Already in full swing, the 21st edition of the Environmental Film Festival sports 190 widely diverse films being screened around Washington DC. Of the 190 films from 50 countries, 110 will be having local, U.S., or world premieres, with many of the filmmakers in attendance to provide Q+A support. One of the films with its planetary unveiling is the Austria/Germany (some dialogue in German, with English subtitles, and fully English narrated) feature “The Age of Aluminium,” with director Bert Ehgartner being part of a post-screening panel discussion on March 20th, 2013.
Based on his own book “Dirty Little Secret—The Aluminium Files,” Ehgartner examines the omnipresent silvery white metal that touches us every day in many ways. It is, after oxygen and silicon, the third most abundant element. No other metals are more plentiful. It’s nearly a tenth of the world’s solid surface weight. It’s also a neurotoxin. Bet you din’t know that. Touch any of the following and it’s aluminium: soda/beer cans, bicycle frames, building materials, packaging, lots of car parts, shower stalls, toothpaste, cosmetics, even naked women. Oops, how did that last one get in there? It’s not for comic effect, believe me. It’s part of the small tragedy that bookmarks the film.
Just as you examine the barely pronounceable ingredients on any number of items on the grocery shelf for fat or diet-related ingredients, a young Frankfurt midwife, Eva Glave, learns that some chemicals can cause medical issues and has probably contributed to hers—she has already had a partial mastectomy and has cysts in her other breast. Despite her avid use of deodorant—she produces a fierce profusion of sweat—apparently the substance aluminium chlorohydrate is a no-no (and two-thirds of all deodorants contain such compounds). An oncologist provides alarming information about armpits (honest!) and exposure to various cosmetic industry additives. Buttressing the aluminum industry is one of their own toxicologists who purports that there is no evidence that the small fraction of metal that gets absorbed by the body does it no harm “Most of that does not penetrate the skin.” A spokesperson for the European Department of Medical Assessment that says no action need be taken. Ehgartner obviously is no supporter of the latter hypothesis.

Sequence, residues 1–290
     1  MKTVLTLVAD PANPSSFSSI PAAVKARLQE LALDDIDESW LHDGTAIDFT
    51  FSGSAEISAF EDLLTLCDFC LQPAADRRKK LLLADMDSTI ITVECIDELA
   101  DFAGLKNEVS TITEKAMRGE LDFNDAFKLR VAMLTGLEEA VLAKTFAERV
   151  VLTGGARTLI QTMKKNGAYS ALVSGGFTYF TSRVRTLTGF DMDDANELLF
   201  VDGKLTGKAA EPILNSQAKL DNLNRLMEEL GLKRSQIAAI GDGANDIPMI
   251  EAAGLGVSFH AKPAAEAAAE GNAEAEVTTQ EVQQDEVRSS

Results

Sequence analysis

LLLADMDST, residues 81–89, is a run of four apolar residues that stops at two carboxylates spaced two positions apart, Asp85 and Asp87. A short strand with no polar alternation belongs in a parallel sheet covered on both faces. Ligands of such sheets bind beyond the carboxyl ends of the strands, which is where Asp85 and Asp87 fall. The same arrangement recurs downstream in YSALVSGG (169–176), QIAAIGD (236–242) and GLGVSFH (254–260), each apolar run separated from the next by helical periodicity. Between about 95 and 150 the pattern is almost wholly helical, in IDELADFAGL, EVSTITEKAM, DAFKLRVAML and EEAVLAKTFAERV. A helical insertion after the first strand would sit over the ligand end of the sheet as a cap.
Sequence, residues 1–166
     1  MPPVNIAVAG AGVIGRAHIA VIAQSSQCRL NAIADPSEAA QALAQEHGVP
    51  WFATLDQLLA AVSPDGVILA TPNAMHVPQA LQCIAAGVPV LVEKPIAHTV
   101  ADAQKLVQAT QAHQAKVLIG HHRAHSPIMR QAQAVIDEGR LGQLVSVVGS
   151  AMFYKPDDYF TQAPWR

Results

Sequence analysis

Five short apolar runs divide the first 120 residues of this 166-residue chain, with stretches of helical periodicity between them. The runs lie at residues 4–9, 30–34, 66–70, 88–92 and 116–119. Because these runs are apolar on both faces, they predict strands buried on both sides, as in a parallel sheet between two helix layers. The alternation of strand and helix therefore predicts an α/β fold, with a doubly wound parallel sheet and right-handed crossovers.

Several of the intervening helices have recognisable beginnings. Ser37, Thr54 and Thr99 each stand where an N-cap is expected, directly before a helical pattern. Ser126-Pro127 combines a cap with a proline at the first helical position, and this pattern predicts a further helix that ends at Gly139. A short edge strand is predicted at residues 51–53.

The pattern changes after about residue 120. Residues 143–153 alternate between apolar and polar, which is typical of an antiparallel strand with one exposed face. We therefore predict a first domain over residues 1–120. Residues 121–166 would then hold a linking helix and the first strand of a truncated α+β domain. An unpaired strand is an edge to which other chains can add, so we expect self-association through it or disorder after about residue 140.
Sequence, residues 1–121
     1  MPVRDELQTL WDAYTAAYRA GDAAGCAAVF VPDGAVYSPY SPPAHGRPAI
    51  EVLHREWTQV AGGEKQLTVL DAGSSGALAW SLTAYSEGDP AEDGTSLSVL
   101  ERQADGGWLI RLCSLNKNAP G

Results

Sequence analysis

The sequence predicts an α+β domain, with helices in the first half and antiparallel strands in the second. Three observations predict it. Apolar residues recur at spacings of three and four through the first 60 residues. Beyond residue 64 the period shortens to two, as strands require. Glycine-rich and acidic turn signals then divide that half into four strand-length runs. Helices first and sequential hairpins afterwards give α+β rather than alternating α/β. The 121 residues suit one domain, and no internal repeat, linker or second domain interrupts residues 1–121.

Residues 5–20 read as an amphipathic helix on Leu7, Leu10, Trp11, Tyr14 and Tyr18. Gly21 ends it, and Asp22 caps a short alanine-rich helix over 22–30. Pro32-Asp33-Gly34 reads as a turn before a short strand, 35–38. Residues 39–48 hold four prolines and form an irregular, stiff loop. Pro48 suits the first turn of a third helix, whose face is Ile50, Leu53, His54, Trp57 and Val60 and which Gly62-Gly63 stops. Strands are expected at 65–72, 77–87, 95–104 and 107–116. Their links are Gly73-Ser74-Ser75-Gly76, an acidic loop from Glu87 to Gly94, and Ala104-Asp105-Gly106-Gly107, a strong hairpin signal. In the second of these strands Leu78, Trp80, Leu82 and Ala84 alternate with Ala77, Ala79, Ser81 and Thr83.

Norsk Hydro, Europe biggest company associated with the metal, offers up a research and development manager, Werner Jager, as the first of several talking heads in this production, making you wonder if the film is merely an industry-sponsored promotional piece. Especially when some of the interspersed “family” sequences, with accompanying canned music, pushes too much “fun” into some of the staged sequences, where a mom-dad-son-daughter unit are brushing their teeth (together!), affixing a tire to the car, or drinking from generic cans.
As for Jager, the cameras follow him to Porto Trombetas in Brazil, where his company runs a huge bauxite mine. Located close to the earth’s surface, the narration casually mentions that “large areas of rainforest” have to be sacrificed. Nothing but tractors, big trucks, and other mining equipment is shown raping the red-tinged earth around the clock, pushing up company profits and depleting resources. The camera pans across the destruction as the narrator offers nonchalant observations. To assuage any distaste, as a post script, we’re told that Norsk Hydro is reforesting (it’s obligatory), but it takes 20-40 years to rebuild. “In only three decades time, it will all be green again.”
Feeling sad yet? Read on.
There are other experts in the parade. A harrowing visit from an environmental toxicologist warns us about acid rain (which releases trace amounts of the metal, just enough to kill salmon). Kidney specialist Herwig Holzer talks of neurological, stroke-like disorders caused by medicines containing aluminium hydroxide. A sufferer of Alzheimer’s-like symptoms can’t draw a simple clock in one test, and his wife, wondering what to make of it all, opens a bathroom drawer to show it packed with medicines her husband has taken for decades of heartburn relief. Hidden in the drug’s warning papers: “long term use of high doses may lead to aluminium deposits in nerve and bone tissue.” Dementia is a possible side effect. Whatever neurological problems develop, they are currently irreversible. Ugh.
Other stories provide more anguish. A Brazilian fishing village polluted by dust from a nearby, long-thriving refinery—a structure that is so immense it has tripled the size of the the once sleepy Bacarena and caused other social, class, and poignantly obvious medical issues to arise. The local workers know of the poisons mixed with caustic soda. There’s millions and millions of red toxic sludge sitting atop its own mountain, a huge expanse filling the landscape. In Ajka, Hungary, runaway caustic mud a few years back created one of Europe’s worst ever environmental disasters. Even the 9-11 destruction of the Twin Towers is discussed, showing molten aluminium falling before the buildings’ collapse.
The evidence is alarming, yet the film’s approach. at least initially, is an even-keeled, determined story line, although the urgency does surge over the last two-thirds of the film. There are no spicy editing or graphics. No Werner Herzog extorting on the soundtrack (Ehgartner apparently does his own narration). I admire the film’s honest camera technique, like an observer chronicling the ills of mankind. I suspect some of his subjects might be upset that their comments appeared in this ultimately damning documentary. I can hear Erin Brockovich crying out for the damaged souls.
There’s a lot of bad s**t in the world. You wouldn’t think aluminium would be one of them. “The Age of Aluminium” puts us on notice.